A City in Flux
The Gentrification of H Street
Published: Friday, September 28, 2012
Updated: Friday, September 28, 2012 00:09
Walking down Northeast’s H Street Corridor on a Friday night, it’s easy to see how this burgeoning neighborhood has quickly earned itself the title of D.C.’s hippest. Just ask Forbes (the go-to source for all things hip), which last week ranked the area No. 6 in “America’s Best Hipster Neighborhoods.”
Two weeks ago, the H Street Festival showcased the area’s trendy and youthful vibe. In addition to the standard food, drinks and entertainment, the festival featured performers who created live murals, a tattoo contest and three floors of music, ranging from electro-funk to vintage hip-hop, at the Rock N Roll Hotel, sponsored by Pabst Blue Ribbon. That festival was indicative of the area’s changing identity.
Looking beyond the newly opened yoga studios and ironically-themed bars, H Street has historically been known more for its crime than its creativity. But a recent gentrifying trend has drastically altered the character of this D.C. neighborhood.
“I’ve been on this block for the past 10 years, [and] it’s definitely a big change,” Tameca Herbert, a local shop owner, said. “It used to be ghost town here. …. You’d never see this many people walking on H Street.”
The corridor, which runs from Union Station to 17th Street NE in the heart of D.C., was a bustling commercial district until the 1968 riots following the assassination of Martin Luther King, Jr., left shops damaged in their wake. The neighborhood hadn’t been able to shake that dark history — until recently.
Just last Friday Herbert opened a consignment boutique on H and 12th Streets called Diva’s World, which sells reasonably priced vintage clothing for women. A native of the District, Herbert had previously owned a shop on 4th and H, but after the rent doubled from $2,500 per month to $5,000, she relocated in favor of a location closer to the buzz of the 1200 block.
Diva’s World stylist Mark Williams added that the boutique has seen a bubbling of activity since opening last week.
“A lot of people are excited about it being in this area,” Williams said. “People come in and they say that this is the best thing to happen here, because they had to go so far for consignment and vintage [before].”
Its location next to a vibrant night scene makes for good business, according to Herbert and Williams. They open Diva’s World from noon to midnight, allowing bar hoppers to stumble into the hot pink boutique as they’re making the rounds.
“We had one girl come in here and she picked out a cute little skirt and a top, and she said, ‘I’m just [going to] keep this on and go bar hopping,’” Williams said.
Williams and Herbert both hope the neighborhood will become D.C.’s new shopping destination — Herbert even called the area “the new Georgetown.”
“You can eat, barhop, [got to a] happy hour, hop in a cab or take public transportation, and it’s all here,” Williams said. “Unfortunately it’s taking business from other areas, but you know there’s enough room for everybody, right?”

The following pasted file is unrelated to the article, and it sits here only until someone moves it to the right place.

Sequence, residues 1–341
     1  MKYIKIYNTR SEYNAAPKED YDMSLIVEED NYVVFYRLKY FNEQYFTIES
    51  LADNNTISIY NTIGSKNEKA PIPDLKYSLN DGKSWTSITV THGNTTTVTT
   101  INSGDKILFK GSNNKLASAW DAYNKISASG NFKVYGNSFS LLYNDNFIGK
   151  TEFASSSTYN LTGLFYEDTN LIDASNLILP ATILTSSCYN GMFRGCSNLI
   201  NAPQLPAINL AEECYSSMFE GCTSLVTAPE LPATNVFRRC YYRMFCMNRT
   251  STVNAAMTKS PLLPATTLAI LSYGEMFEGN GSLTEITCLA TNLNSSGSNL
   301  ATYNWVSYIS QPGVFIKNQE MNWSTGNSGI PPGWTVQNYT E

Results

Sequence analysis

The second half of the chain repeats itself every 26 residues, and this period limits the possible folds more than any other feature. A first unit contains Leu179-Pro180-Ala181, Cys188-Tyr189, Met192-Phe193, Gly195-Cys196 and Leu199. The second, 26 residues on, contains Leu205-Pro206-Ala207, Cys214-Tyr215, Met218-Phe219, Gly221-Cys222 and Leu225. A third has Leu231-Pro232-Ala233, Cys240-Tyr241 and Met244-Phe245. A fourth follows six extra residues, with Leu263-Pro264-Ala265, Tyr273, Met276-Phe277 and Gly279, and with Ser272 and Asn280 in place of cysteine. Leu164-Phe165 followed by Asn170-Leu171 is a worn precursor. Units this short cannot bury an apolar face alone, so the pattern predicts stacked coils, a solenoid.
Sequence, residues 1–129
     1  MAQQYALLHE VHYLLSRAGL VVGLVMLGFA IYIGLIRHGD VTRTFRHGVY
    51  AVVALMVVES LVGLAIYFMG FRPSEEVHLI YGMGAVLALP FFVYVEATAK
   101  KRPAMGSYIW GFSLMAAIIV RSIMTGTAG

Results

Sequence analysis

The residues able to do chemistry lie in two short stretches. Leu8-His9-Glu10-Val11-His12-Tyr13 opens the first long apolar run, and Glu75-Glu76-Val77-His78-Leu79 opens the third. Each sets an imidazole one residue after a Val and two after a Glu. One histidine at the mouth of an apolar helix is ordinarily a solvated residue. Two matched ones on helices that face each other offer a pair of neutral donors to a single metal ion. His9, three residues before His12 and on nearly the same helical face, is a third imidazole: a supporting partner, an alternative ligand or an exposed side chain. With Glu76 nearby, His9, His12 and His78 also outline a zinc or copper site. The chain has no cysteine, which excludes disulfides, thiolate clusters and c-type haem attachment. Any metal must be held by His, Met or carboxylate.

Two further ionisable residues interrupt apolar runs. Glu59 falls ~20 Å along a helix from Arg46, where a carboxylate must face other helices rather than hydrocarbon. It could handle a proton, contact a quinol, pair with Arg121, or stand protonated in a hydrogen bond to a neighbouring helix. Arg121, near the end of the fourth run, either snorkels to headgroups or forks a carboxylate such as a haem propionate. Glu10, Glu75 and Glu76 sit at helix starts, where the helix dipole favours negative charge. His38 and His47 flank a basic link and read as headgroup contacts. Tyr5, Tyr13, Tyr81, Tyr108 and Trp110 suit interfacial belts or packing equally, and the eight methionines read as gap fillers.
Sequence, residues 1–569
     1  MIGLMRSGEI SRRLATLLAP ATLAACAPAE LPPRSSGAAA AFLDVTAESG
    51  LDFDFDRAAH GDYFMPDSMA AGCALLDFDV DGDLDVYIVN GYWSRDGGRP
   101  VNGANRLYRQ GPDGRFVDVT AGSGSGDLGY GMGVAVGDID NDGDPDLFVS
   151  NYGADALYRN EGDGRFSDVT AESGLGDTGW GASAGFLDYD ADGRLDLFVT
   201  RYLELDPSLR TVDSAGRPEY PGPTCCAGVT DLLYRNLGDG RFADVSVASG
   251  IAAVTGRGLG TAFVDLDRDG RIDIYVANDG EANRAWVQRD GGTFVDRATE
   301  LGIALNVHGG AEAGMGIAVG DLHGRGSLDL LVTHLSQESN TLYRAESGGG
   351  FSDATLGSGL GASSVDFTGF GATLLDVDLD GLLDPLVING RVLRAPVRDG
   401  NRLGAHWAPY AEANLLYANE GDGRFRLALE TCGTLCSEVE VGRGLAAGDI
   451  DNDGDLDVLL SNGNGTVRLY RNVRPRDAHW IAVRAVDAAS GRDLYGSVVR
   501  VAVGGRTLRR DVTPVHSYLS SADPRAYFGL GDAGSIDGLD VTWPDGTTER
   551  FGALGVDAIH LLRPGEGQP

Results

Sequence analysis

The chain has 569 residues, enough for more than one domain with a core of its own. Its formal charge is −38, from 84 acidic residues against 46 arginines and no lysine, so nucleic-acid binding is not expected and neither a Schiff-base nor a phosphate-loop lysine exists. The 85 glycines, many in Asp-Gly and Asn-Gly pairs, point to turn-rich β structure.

Despite Williams’ optimism, the “G” word — gentrification — brings up uncomfortable questions about race and class. This process, in which longtime residents of the neighborhood are forced out because of a rise in housing prices and cost of living, complicates the sunny story of H Street’s meteoric rise. It’s becoming clear that there are winners and losers in this quickly growing neighborhood.
Herbert recalled a wig shop that recently closed after rent shot up from $2,000 per month to $10,000.
“The woman [who] used to own a wig shop was there for years. She was there since I was a little girl,” Herbert said. “She had to move out this year. Now it’s a hookah bar, but that wig shop had been there forever. She cried. She had been there a really, really long time.”
“I wouldn’t say that I don’t sympathize with them, but at the same time, things are changing,” Williams said. “It’s the 21st century, so people can’t expect everything to stay the same. … But I don’t look at it as a bad thing.”
Lon Porter, who is black and a native of Northeast D.C., also sees the neighborhood’s change as an improvement.
“Before this happened, this was like the wild, wild West down here. I see a lot of good in it,” he said. Porter remembers a time when H Street was synonymous with drugs, boarded-up houses and empty streets.
But last year, Porter opened up a locksmith shop, Georgetowne Lock, in the neighborhood; the rent at his former location in Glover Park was “too damn high,” he said jokingly. However, Porter admits the rent on H is higher than what it used to be, and he worries about the fate of the neighborhood’s older residents.
“A lot of black people who have lived here for years, they’ve gotten old now,” he said. “I don’t know whether they sell their place or give it to their kids or what they do, but it leaves their hands.”
Still, Porter’s business is his main focus.
“There may be some gentrification in the master plan of things, but I’m not at that level,” he said. “I’m trying to make my business grow, and I’m more concerned with that.”
But others are concerned about the consequences of these demographic shifts.
Nicknamed “Chocolate City” in a 1975 song by the funk group Parliament, the District has historically been a black cultural center. Beginning in 1957, Washington was the first American city to have a majority-black population, peaking in 1970 at 71 percent. But last year’s census data show that in the past 10 years the District has witnessed a dramatic change in demographics: The white population rose 31 percent, as the black fell eight percent, slipping below 50 percent of the population for the first time since the initial majority was established.